By: Bob Woodruff
By BOB WOODRUFF (@bobwoodruff)
Nov. 19, 2012

Cpl. Tim Donley was on patrol in Afghanistan Feb. 9 when he stepped on an improvised explosive device. The blast caused the loss of both his legs and severe injury to his arm.

But when Donley stepped on stage at the 6th annual Stand Up for Heroes benefit this month, it wasn’t his wounds the crowd noticed, but his remarkable voice and ability to rule the stage.

Donley, like many other veterans, is thankful for the gift of music, which can lift a veteran out of pain, depression and boredom. That is the goal of Musicorps, a program at the Walter Reed National Military Medical Center in Bethesda, Md., started by the pianist Arthur Bloom.

Bloom teaches hundreds of wounded warriors to play instruments as a form of therapy.
“We try to figure out what people’s backgrounds are, their musical interests and then whatever they want to do — we try to move heaven and earth to make that happen,” Bloom said.

“When they were injured, everything gets blown up,” Bloom said. “Their life gets blown up in every sense of the word. And what we are trying to do, is not just come in and do ‘Kumbaya,’ but to re-inject a sense of excellence and working on musical material that is challenging and productive and rigorous, so that over time they see real progress.”

Before his duty in Afghanistan, Todd Love was a lover of music and the violin. Love lost both his legs and his left arm in October 2010, when he stepped on a pressure plate. With Bloom’s help, he is able to play the piano and his beloved violin, which he has played since the sixth grade.

“When I first started working with Musicorps, I didn’t think I could ever play the piano again,” Love said. “It just kind of slowly came together and I’m still pretty surprised that I can play as well as I can with just one hand. It makes me happy.”

For Will Cook, it wasn’t about learning to play again, but about coming out of his shell.
“Before Musicorps, I didn’t really have anything to do, and I didn’t really want to do anything,” Cook said. “So I would just sit in my room and do nothing all day, and it was depressing.”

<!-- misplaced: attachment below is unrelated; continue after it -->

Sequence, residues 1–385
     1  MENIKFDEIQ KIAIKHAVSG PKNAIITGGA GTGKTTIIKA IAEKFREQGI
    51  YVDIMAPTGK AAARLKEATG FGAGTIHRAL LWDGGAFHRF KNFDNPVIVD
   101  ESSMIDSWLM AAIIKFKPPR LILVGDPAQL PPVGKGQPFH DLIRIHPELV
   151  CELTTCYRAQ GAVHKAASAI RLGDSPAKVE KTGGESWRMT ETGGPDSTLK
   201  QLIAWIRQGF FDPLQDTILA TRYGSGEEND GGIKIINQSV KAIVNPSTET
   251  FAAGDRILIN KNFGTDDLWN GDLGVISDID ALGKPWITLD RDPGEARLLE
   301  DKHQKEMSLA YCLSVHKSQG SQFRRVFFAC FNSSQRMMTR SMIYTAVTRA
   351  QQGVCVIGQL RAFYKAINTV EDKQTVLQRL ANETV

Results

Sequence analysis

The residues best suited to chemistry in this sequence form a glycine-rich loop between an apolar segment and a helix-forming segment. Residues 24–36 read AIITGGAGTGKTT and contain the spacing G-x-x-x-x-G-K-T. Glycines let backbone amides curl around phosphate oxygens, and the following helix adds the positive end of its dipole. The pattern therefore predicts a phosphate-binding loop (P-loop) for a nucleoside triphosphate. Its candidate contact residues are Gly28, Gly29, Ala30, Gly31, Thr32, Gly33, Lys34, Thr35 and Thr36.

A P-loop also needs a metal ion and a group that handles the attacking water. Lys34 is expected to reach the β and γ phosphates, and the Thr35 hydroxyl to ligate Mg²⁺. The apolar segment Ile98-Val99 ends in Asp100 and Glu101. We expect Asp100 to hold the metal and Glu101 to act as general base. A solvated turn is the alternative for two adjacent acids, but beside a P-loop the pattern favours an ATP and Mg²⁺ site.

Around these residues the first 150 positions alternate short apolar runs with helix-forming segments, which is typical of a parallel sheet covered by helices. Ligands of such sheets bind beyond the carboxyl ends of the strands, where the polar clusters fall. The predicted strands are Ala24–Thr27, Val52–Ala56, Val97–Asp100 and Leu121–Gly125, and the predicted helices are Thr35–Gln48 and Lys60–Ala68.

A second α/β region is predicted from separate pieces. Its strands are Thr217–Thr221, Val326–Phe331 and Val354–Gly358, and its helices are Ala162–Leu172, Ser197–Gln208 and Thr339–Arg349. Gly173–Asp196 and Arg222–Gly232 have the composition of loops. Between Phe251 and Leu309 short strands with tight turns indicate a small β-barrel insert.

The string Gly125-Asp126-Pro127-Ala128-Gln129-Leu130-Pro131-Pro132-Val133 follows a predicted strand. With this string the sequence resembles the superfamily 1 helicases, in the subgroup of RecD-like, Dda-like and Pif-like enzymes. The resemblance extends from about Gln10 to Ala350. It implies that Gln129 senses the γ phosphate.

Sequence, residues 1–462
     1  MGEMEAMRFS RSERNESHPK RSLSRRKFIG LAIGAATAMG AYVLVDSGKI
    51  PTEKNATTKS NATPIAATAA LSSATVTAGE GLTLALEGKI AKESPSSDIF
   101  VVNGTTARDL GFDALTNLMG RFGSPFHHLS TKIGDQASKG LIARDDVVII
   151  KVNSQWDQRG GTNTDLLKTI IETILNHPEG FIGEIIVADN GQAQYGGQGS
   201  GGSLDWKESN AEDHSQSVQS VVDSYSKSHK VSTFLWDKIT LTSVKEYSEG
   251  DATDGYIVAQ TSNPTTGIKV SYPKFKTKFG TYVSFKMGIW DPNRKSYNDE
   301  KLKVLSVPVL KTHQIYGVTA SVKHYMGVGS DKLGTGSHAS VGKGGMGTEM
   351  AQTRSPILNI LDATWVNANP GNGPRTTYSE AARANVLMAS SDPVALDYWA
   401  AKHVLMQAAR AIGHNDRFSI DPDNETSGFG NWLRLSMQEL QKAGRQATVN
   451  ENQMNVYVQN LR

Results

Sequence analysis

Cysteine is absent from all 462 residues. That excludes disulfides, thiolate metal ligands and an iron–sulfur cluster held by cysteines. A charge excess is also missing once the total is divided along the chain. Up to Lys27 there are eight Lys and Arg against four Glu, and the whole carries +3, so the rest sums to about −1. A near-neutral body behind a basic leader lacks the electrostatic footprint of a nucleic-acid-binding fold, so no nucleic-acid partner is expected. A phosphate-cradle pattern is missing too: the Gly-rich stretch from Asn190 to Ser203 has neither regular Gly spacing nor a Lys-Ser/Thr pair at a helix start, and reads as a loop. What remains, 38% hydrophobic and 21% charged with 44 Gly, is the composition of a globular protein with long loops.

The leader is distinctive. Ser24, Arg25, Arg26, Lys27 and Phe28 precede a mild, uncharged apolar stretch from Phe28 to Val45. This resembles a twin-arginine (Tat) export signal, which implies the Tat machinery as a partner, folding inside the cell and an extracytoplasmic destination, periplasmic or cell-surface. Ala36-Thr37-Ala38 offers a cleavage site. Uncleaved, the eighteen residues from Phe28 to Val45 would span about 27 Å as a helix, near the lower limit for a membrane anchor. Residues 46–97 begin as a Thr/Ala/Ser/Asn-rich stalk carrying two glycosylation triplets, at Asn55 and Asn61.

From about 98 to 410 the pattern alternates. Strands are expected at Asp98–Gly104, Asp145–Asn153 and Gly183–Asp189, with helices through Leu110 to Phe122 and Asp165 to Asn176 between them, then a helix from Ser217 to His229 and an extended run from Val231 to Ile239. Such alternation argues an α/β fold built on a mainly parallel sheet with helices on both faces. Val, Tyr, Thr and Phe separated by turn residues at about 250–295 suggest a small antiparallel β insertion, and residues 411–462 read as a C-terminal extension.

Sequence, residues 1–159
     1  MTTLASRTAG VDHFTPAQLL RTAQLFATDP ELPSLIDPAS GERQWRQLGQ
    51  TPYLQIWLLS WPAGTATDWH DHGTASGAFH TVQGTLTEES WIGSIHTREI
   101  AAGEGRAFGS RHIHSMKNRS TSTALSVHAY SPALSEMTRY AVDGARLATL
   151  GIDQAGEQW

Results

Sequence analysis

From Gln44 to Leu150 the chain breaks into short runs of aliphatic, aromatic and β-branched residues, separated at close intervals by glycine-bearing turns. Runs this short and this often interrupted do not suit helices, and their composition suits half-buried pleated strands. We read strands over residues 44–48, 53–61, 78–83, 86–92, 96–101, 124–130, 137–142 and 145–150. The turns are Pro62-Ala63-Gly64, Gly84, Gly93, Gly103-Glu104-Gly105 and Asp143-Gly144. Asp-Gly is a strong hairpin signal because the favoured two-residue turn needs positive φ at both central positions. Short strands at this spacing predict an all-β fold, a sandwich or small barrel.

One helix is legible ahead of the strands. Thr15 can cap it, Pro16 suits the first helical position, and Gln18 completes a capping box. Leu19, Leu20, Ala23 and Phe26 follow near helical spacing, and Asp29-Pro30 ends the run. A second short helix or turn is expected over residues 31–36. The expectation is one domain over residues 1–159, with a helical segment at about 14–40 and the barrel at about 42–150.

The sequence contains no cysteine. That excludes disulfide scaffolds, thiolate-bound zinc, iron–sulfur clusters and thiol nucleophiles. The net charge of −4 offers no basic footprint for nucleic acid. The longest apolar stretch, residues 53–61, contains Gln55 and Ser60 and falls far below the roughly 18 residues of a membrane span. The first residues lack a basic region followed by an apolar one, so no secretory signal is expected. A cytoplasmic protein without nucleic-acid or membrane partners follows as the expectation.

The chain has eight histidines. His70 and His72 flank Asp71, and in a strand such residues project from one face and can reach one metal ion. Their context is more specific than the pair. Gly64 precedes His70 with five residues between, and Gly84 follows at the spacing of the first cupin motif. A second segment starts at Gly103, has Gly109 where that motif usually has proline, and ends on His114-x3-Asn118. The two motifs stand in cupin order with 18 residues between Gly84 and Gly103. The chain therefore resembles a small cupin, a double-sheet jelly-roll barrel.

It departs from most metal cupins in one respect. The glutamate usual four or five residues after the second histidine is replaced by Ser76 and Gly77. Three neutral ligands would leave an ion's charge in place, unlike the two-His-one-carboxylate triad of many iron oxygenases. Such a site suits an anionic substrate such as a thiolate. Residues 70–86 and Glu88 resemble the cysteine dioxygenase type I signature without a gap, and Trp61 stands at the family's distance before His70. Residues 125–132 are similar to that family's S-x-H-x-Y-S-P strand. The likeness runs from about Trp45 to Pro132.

Just over 18 years old, Cook was one of the youngest servicemen injured in the war. While walking through a field, Cook stepped on an explosive, losing his leg from the knee down.

“When we first met him, he really wasn’t communicative, wasn’t making eye contact,” Bloom said during an interview with Cook. “And I remember one day, there was a guitar…and you picked up the guitar and started working with Greg, who is a wonderful guitar player from D.C., and he literally did not put it down.”

Cook’s hard work landed him in a room with Roger Waters, one of the founding members of the band Pink Floyd, rehearsing for Cook’s stage debut. Cook practiced 10 hours a day, sometimes more depending on whether or not he needed to sleep, he said.

Cook, along with Waters, Donley and 12 other veterans, played on stage at the Stand Up for Heroes benefit. And Bloom, the man who has helped hundreds of veterans just like these, was right there with them.

“If the injured service member is able to get their life back, then everyone around them, that has also been suffering through the injury — they are able to improve as well,” Bloom said.

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